The assessment of graduate programs can be a qualitatively different exercise than assessment at the undergraduate level.
- For programs that include a thesis or doctoral dissertation, for example, the best evidence of student learning is often contained in that academic work.
- Programs that include qualifying exams (comps, generals, etc.), end up with graduates who have already demonstrated successful achievement of learning outcomes related to content in the discipline. Often, little attention is paid to those who fail the qualifying exam.
- In some disciplines, there is very little coursework in a graduate program, and the emphasis is on research and publication. Publication is another measure that demonstrates how well students have learned professional skills and values.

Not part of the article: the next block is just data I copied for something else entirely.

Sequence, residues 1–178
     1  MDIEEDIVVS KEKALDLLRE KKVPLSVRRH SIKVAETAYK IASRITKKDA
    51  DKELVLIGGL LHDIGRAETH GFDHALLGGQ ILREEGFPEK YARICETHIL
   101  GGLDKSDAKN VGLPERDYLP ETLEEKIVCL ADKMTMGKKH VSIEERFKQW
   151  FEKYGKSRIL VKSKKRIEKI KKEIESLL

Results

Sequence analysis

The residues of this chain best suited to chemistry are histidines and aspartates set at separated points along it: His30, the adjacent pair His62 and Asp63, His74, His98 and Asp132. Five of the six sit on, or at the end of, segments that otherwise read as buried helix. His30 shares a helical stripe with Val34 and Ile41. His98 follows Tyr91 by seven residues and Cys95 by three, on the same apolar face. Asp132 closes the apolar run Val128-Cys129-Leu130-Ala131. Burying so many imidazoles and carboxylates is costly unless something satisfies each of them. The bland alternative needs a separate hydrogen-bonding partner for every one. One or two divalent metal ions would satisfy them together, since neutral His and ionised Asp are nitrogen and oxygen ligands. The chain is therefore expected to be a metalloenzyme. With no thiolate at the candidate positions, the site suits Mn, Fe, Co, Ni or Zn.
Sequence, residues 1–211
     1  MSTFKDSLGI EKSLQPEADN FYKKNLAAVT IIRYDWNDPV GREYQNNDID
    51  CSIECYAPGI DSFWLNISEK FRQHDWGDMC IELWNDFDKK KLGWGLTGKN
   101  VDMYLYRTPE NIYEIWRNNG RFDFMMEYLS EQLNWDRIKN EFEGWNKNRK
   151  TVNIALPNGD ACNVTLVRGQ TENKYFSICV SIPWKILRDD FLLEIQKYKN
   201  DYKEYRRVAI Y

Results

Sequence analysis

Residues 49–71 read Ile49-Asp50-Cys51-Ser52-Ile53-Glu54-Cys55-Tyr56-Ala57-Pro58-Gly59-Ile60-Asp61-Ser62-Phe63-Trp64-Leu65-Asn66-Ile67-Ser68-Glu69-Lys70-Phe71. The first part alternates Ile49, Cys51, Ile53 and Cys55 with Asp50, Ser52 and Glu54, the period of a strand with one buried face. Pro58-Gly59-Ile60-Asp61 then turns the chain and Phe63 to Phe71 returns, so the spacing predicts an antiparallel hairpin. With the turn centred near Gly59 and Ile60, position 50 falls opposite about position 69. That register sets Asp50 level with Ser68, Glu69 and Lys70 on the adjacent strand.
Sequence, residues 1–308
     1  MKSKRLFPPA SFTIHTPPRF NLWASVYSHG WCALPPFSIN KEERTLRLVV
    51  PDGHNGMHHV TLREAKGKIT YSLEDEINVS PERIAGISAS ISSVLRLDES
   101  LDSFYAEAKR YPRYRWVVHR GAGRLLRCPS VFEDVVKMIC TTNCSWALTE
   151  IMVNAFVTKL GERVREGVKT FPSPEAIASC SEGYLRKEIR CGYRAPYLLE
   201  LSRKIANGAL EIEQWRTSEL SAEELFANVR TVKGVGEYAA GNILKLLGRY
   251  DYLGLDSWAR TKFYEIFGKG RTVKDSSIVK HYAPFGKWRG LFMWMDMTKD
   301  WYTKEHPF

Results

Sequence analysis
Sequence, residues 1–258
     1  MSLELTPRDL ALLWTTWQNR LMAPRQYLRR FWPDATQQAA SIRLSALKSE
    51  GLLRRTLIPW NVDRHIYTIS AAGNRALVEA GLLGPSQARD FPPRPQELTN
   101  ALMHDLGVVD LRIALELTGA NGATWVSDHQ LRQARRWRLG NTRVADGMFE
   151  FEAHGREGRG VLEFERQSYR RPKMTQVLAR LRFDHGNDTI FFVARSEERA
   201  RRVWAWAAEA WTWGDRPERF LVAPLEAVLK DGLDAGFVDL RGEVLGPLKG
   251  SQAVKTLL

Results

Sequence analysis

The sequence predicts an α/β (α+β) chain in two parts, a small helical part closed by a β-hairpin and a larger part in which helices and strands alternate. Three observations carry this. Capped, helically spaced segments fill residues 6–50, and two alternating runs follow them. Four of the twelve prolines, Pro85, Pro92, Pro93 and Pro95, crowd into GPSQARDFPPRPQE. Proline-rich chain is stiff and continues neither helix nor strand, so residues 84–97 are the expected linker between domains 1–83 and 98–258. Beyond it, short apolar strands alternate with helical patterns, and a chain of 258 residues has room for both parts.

- Many graduate programs have small numbers of students, limiting thorough analysis of assessment data.
- To some extent, formative assessment is more critical to program improvement in many graduate programs (particularly doctoral programs) than is summative assessment.
Maki, P and Borkowski, N (2006). The Assessment of Doctoral Education: Emerging Criteria and New Models for Improving Outcomes. Stylus. Sterling, VA.
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